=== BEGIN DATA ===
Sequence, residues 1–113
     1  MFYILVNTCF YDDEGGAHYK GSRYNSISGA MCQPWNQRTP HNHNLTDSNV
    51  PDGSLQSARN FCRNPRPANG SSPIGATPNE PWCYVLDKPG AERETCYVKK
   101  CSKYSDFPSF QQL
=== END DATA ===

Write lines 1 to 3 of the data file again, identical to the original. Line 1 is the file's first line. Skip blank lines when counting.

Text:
Sequence, residues 1–113
     1  MFYILVNTCF YDDEGGAHYK GSRYNSISGA MCQPWNQRTP HNHNLTDSNV
    51  PDGSLQSARN FCRNPRPANG SSPIGATPNE PWCYVLDKPG AERETCYVKK